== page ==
Let’s create that function. Right-click an empty area of the event sheet and choose Add function. Call it IPC and leave everything else as it is. Right-click our new function and choose Add parameter. Call it Message and set its type to String. Click OK. For now, we’ll leave our function empty and come back to it in a few minutes.

To add our link to watch an ongoing game, we’ll edit the existing code in our ParseLobby function. Scroll through our event to locate that function, then find the following code blocks:

for (const game of existingGames) {
const wager = game.game.wager / 100000000;
html += "<div>Game between " + game.game.players[1] + " and " + game.game.players[2] + " for " + wager + runtime.globalVars.Symbol + "</div>";
}
for (const game of ourGames) {
const wager = game.game.wager / 100000000;
html += "<div>Game between " + (game.game.players[1] === runtime.globalVars.ValidatedAddress ? "you" : game.game.players[1]) + " and " + (game.game.players[2] === runtime.globalVars.ValidatedAddress ? "you" : game.game.players[2]) + " for " + wager + runtime.globalVars.Symbol + "</div>";
}

We’re going to replace them with code blocks that also include a link to watch our game, which will work by sending a message from the iframe to our game, containing the address of the game we want to watch.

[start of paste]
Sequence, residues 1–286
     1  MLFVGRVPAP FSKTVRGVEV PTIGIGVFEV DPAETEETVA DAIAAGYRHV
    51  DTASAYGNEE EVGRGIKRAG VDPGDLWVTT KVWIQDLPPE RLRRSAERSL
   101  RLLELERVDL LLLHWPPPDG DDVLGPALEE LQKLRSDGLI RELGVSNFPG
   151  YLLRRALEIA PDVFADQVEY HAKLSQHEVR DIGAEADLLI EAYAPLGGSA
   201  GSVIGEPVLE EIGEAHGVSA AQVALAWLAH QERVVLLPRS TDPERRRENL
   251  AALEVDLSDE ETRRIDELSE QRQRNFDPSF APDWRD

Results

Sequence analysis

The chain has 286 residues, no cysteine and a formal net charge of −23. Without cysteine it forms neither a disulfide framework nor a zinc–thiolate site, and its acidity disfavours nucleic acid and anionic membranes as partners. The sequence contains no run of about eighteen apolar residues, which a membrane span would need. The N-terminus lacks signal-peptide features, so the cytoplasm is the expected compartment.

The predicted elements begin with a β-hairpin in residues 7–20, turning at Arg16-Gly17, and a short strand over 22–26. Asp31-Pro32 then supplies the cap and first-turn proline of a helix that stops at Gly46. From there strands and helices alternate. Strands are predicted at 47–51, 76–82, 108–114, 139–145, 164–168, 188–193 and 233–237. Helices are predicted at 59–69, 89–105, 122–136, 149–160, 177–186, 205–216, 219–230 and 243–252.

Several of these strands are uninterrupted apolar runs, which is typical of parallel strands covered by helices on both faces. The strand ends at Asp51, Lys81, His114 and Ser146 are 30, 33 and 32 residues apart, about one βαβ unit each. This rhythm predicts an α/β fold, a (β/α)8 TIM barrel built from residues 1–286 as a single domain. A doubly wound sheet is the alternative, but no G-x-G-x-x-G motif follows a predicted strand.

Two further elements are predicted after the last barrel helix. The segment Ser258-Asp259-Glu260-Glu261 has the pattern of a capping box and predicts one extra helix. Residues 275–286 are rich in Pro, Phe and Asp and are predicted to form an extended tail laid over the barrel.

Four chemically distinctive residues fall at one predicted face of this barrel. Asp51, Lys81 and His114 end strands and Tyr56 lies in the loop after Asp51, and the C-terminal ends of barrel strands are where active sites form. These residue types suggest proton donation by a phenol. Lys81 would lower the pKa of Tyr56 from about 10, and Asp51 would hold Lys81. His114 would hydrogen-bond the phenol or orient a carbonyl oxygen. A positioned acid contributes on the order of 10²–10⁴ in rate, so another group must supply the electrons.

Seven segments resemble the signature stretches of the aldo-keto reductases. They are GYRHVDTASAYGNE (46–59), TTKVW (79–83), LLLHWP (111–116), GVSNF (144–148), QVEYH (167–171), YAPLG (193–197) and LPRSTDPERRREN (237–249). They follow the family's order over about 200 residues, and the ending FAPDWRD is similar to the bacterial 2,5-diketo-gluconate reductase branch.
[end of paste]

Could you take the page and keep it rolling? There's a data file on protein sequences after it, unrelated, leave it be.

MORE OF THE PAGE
for (const game of existingGames) {
const wager = game.game.wager / 100000000;
html += "<div>Game between " + game.game.players[1] + " and " + game.game.players[2] + " for " + wager + runtime.globalVars.Symbol + " (<a href='#' onclick='parent.postMessage(\"" + game.address + "\", \"*\"); return false'>Watch</a>)</div>";
}
for (const game of ourGames) {
const wager = game.game.wager / 100000000;
html += "<div>Game between " + (game.game.players[1] === runtime.globalVars.ValidatedAddress ? "you" : game.game.players[1]) + " and " + (game.game.players[2] === runtime.globalVars.ValidatedAddress ? "you" : game.game.players[2]) + " for " + wager + runtime.globalVars.Symbol + " (<a href='#' onclick='parent.postMessage(\"" + game.address + "\", \"*\"); return false'>Watch</a>)</div>";
}
Our revised function

Now, about that empty IPC function. As this will be processed by the game layout rather than the lobby, we’re going to add a new global variable in the Game Event Sheet instead. Switch to that, right-click the empty sheet and choose Add global variable. Call it GameAddress which should be a String. Add another global variable called TurnAddress which is also a String. Flip back to our Lobby Event Sheet and, in the IPC function, add a couple of actions. The first will be System > Set Value and choose to set the GameAddress variable to the value Message. Our second action will be System > Go to layout. Pick Game Layout from the list, click Done and we are indeed done with our lobby!